If it is certain that impossibilities can be believed, then the impossibilists already have their trousers half-way down.
The impossibilists certainly do not have their pants half down in the sense of being slovenly dialecticians.
Impossibilists grant that people often act as if they believe impossibilities.
Impossibilists try to keep up appearances by distinguishing between what people really believe and what they believe they believe.
One of the early impossibilists, George Berkeley (1710, 273), paraphrases apparent belief in terms of what we imagine we believe.
Many impossibilists follow Saul Kripke (1972, 1980: 3) in thinking that the indiscernibility of identicals is as "self evident as the law of contradiction" and hence maintain that false identity statements are necessarily false.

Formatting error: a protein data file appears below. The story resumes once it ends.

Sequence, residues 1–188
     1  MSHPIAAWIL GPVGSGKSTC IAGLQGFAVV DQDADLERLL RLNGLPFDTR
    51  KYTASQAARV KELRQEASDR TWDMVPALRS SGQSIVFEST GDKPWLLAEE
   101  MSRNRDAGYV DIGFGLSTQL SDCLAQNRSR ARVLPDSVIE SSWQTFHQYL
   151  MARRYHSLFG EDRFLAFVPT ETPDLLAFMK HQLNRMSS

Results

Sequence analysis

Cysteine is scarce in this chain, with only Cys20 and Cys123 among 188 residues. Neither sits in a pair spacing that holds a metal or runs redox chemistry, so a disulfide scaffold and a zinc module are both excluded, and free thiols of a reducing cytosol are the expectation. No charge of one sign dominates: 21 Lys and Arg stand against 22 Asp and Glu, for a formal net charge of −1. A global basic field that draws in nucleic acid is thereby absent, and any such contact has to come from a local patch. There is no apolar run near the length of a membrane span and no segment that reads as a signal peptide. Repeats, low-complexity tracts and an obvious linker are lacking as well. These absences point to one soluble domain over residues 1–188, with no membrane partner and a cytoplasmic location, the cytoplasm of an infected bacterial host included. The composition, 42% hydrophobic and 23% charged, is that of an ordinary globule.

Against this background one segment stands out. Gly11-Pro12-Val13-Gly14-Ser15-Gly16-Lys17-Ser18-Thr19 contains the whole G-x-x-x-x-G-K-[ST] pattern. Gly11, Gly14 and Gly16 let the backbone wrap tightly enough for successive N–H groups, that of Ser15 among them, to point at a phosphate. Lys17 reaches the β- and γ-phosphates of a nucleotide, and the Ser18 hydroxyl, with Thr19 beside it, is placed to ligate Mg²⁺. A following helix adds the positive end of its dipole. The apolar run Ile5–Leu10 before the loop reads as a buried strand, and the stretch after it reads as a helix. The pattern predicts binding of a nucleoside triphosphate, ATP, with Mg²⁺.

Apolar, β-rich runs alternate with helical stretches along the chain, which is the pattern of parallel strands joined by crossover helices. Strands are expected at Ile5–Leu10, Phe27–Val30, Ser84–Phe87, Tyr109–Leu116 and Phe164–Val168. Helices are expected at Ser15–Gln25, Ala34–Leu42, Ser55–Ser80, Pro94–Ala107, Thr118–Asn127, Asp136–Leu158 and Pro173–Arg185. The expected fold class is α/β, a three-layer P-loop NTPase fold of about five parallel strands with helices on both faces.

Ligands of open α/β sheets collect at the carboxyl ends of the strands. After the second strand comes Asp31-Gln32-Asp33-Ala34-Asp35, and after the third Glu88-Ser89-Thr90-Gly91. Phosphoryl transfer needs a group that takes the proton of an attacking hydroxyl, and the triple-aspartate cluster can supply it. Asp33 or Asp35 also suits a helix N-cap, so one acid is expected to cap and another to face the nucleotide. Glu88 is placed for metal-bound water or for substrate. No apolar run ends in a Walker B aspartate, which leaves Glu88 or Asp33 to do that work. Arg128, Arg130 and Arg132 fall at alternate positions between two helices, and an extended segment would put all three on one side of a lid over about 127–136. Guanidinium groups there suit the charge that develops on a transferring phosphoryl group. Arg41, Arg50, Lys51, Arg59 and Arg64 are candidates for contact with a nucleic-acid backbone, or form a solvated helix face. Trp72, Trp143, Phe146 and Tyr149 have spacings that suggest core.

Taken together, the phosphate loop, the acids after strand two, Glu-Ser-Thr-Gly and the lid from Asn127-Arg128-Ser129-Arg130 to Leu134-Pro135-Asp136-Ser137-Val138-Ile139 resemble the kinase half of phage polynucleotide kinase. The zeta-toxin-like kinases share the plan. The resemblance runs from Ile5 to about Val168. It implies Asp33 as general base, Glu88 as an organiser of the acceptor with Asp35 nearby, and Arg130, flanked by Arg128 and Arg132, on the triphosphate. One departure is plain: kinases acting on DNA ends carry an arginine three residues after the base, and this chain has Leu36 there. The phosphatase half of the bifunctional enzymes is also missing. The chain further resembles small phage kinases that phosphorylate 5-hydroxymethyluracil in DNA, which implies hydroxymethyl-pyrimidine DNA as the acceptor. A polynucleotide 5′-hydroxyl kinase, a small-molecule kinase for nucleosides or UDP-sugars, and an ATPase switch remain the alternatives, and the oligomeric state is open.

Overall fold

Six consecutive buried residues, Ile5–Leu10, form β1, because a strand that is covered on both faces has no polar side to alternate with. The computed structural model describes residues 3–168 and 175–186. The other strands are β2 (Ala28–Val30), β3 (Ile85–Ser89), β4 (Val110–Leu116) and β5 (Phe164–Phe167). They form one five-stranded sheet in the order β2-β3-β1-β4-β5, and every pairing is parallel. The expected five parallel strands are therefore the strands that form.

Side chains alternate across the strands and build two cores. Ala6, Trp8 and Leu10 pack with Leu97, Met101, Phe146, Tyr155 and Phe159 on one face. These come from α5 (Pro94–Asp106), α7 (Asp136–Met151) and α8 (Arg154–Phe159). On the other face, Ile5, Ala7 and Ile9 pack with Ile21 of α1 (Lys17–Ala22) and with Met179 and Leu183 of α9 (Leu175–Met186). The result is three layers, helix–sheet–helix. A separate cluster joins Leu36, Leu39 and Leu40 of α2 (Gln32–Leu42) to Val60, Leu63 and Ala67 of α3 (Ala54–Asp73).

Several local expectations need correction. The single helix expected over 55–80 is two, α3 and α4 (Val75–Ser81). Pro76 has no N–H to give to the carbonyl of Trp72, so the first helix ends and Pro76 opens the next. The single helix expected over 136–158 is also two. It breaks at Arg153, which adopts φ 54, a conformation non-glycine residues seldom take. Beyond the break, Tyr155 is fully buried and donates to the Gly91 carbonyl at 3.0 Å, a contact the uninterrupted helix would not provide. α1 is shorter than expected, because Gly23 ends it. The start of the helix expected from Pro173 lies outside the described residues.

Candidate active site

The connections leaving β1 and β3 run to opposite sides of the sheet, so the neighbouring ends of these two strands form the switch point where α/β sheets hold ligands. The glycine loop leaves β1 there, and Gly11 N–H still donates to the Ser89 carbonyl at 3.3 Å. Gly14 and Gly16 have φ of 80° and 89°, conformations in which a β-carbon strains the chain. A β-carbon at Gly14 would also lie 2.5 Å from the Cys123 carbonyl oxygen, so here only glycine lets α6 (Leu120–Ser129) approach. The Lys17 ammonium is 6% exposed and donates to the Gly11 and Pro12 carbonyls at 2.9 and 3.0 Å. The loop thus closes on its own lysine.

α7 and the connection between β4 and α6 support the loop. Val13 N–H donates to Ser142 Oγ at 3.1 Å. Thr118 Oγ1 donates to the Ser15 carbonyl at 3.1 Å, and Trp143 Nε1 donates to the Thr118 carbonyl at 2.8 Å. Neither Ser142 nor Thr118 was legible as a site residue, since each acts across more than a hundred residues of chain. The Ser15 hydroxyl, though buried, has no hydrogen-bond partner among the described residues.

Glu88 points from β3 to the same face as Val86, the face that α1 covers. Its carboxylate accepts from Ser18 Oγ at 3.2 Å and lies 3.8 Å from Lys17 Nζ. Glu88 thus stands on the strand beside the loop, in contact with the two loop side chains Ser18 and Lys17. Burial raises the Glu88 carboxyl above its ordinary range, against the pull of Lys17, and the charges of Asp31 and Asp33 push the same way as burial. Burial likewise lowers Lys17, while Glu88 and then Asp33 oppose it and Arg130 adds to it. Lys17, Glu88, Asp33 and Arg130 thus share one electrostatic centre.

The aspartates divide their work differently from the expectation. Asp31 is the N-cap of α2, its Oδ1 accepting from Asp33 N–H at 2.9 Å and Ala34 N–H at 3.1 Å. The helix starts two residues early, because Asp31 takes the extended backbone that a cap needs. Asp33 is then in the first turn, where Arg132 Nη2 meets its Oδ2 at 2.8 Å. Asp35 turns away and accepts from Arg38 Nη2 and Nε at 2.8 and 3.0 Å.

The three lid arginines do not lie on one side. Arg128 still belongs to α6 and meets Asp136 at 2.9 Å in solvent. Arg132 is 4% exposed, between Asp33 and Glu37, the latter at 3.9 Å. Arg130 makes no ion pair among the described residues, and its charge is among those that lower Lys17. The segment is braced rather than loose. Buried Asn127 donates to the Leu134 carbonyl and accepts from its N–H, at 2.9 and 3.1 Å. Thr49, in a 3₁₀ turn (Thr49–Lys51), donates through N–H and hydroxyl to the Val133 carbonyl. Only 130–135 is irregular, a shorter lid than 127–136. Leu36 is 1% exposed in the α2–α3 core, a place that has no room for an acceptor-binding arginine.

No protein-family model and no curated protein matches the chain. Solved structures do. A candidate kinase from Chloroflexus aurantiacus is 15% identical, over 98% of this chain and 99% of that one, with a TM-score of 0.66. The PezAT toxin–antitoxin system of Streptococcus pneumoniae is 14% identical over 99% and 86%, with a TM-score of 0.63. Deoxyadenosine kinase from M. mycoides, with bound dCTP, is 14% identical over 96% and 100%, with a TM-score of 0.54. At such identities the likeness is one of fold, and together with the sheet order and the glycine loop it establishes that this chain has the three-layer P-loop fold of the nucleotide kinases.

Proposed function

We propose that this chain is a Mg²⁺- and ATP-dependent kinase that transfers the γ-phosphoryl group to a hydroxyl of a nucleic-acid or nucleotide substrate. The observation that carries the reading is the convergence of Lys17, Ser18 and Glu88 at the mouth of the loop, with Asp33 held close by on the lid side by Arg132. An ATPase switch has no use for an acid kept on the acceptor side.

But none of these weakenings harmonize with the arguments deployed by actual impossibilists.
Impossibilists are inconsistent about inconsistency.
Bolder still are the impossibilists who think that Hintikka's result is an understatement; instead of being merely indefensible, "Someone else believes an inconsistency" is a contradiction (Purtill 1970).
However, the impossibilist can accept skepticism about modality only by undermining his own thesis.
For example, if the impossibilist has a technical sense of "believe" in which it means "consistently believe," then his audience will protest that they assumed he was using "believe" in an ordinary sense.
In one respect, the impossibilist is a lonelier debater than the solipsist.